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FRI0084 The presence of magnetic resonance imaging-proven osteitis at entry predicts the development of rapid radiographic progression in patients with early rheumatoid arthritis
  1. M. Tamai1,2,
  2. Y. Nakashima2,
  3. T. Suzuki2,
  4. A. Okada2,
  5. J. Kita2,
  6. Y. Horai2,
  7. S.-Y. Kawashiri2,
  8. N. Iwamoto2,
  9. K. Ichinose2,
  10. K. Arima2,
  11. S. Yamasaki2,
  12. H. Nakamura2,
  13. T. Origuchi3,
  14. M. Uetani4,
  15. K. Aoyagi5,
  16. K. Eguchi6,
  17. A. Kawakami2
  1. 1Center for Health and Community Medicine
  2. 2Department of Immunology and Rheumatology
  3. 3Nagasaki University School of Health Sciences
  4. 4Department of Radiology and Radiation Research
  5. 5Department of Public Health, Nagasaki University, Nagasaki
  6. 6Sasebo General Hospital, Sasebo, Japan


Background Magnetic resonance imaging (MRI) is known as high sensitive imaging modality toward the patients with rheumatoid arthritis (RA). We have reported an importance of MRI-proven symmetrical synovitis, osteitis and bone erosion of wrist and finger joints toward the early diagnosis of RA from the prospective early arthritis cohort at Nagasaki University, Japan.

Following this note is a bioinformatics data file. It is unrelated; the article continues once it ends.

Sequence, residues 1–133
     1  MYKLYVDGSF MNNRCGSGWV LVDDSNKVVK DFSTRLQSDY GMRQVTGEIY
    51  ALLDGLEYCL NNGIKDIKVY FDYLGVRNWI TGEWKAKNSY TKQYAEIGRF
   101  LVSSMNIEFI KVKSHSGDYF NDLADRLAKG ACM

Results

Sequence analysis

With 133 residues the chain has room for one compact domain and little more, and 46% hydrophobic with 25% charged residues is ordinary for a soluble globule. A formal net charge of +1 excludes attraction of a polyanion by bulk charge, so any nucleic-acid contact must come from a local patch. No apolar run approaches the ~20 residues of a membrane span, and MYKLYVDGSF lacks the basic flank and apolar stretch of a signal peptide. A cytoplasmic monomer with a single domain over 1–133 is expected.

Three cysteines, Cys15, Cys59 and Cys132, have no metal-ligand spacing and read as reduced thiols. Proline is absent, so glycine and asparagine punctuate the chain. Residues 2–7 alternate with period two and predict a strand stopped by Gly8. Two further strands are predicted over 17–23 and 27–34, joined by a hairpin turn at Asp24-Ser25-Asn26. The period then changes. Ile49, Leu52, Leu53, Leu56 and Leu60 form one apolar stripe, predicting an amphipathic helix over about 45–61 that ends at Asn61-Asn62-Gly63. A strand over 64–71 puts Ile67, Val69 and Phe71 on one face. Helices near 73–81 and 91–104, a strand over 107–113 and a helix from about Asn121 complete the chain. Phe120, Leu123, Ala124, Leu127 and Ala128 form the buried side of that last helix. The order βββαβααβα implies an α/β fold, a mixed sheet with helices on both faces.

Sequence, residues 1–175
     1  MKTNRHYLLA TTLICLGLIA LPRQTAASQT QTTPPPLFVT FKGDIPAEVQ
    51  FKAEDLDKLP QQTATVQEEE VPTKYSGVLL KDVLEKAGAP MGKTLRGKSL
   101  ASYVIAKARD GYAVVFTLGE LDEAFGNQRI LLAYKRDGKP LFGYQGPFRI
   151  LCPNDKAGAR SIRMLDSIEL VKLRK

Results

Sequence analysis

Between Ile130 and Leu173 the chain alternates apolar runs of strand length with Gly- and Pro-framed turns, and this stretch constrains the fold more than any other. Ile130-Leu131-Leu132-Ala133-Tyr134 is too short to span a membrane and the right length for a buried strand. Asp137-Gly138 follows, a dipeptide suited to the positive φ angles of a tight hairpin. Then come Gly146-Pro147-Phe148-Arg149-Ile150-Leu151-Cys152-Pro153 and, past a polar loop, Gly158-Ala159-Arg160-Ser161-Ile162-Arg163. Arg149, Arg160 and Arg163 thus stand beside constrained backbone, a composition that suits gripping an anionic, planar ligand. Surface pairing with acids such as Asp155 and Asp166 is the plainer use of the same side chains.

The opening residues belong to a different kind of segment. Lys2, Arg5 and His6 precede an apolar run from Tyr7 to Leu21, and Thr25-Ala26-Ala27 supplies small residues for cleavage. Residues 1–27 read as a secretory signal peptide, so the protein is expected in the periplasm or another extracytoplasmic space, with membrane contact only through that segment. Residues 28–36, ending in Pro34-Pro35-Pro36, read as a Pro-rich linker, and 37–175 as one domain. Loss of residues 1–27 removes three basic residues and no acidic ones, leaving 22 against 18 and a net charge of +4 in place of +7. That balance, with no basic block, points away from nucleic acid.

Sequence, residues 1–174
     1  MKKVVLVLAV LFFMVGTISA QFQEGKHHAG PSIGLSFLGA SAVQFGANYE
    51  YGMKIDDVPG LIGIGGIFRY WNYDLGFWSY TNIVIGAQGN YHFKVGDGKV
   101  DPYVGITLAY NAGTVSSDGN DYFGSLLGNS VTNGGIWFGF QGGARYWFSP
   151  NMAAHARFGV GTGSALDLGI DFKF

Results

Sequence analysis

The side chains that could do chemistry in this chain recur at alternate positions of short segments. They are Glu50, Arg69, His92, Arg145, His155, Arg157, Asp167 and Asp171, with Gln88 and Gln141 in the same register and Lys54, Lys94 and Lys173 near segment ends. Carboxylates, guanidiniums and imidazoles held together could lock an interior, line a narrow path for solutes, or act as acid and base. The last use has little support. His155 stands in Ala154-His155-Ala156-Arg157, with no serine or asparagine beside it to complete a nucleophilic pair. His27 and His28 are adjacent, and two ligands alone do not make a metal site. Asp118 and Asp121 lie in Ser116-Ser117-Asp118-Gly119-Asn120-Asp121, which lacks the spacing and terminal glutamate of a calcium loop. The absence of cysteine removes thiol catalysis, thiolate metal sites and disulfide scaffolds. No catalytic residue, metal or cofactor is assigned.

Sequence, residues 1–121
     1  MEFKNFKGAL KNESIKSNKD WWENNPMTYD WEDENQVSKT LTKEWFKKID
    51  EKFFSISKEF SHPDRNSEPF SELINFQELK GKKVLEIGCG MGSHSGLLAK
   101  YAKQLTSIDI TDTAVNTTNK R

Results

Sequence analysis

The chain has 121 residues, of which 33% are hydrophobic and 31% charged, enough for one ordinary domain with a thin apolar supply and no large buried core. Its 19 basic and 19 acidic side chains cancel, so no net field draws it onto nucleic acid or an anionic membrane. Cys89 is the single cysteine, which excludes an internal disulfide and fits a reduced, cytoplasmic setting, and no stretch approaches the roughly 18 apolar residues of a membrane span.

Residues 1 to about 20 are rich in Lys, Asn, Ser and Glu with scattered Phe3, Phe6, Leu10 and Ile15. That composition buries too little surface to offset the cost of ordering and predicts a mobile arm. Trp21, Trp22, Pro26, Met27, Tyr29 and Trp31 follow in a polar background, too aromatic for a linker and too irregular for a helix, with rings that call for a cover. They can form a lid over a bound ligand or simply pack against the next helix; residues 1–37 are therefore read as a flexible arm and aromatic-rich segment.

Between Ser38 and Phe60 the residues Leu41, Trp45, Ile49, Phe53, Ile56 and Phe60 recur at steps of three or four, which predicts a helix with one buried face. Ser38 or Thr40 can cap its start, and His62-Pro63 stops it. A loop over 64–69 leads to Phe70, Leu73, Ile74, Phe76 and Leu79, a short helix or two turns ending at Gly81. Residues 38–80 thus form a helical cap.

Objectives To investigate whether MRI assessment of joint injury predict the development of rapid radiographic progression (RRP) in early RA patients by our cohort.

Methods Ninety-five RA patients, who fulfilled 2010 RA classification criteria and introduced disease-modifying antirheumatic drugs (DMARDs) including biologics within the first 1 year, were consecutively enrolled in this study. All of the subjects had been examined by gadolinium-diethylenetriamine pentaacetic acid (Gd-DTPA)-enhanced MRI and plain radiograph of both wrist and finger joints every 6 months during 2 years. Synovitis, osteitis and bone erosion in MRI were determined by RAMRI scoring (RAMRIS) technique. RRP in the present study was defined as yearly progression of Genant-modified Sharp score >3.0.

Results The mean disease duration, age, tender joint count (TJC) 28, swollen joint count (SJC) 28, prevalence of rheumatoid factor (RF) and anti-cyclic citrullinated peptide antibodies (ACPA) at entry were 3.7 months, 55.7 years-old, 9.9, 4.9, 54.7% and 57.9%, respectively. The frequency of symmetrical synovitis, osteitis and bone erosion proved by MRI at entry was 82.1%, 46.8% and 32.9%, respectively. Seventeen patients (17.5%) were classified as RRP at 2 years. RF (p=0.017), ACPA (p=0.0013) and MRI-proven osteitis (p=0.040) at entry were defined as the variables to predict the development of RRP at 2 years.

Conclusions In addition to the diagnostic assessment, the present study has revealed that MRI-proven osteitis at entry is a prognostic marker in patients with early RA.

Disclosure of Interest None Declared

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